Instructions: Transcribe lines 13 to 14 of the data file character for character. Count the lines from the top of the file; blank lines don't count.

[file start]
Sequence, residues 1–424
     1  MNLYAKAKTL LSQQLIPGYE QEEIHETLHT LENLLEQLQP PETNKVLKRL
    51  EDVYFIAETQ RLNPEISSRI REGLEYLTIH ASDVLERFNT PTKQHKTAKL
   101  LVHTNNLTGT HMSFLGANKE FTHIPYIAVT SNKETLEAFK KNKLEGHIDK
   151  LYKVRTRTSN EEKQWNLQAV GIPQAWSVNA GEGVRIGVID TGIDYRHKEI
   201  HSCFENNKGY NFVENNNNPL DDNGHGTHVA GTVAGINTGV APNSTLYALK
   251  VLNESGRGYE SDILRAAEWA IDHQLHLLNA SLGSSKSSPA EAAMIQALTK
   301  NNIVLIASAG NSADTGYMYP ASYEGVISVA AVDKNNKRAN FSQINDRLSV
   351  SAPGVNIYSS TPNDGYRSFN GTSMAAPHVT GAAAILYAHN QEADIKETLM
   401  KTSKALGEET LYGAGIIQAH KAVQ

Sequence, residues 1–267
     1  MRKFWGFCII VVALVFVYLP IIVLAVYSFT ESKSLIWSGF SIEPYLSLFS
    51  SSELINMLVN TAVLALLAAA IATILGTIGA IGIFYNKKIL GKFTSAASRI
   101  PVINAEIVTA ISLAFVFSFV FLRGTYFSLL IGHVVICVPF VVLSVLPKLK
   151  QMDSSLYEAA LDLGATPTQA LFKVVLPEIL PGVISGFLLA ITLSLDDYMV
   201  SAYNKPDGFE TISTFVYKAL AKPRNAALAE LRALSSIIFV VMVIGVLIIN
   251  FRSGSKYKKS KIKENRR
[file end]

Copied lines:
    51  SSELINMLVN TAVLALLAAA IATILGTIGA IGIFYNKKIL GKFTSAASRI
   101  PVINAEIVTA ISLAFVFSFV FLRGTYFSLL IGHVVICVPF VVLSVLPKLK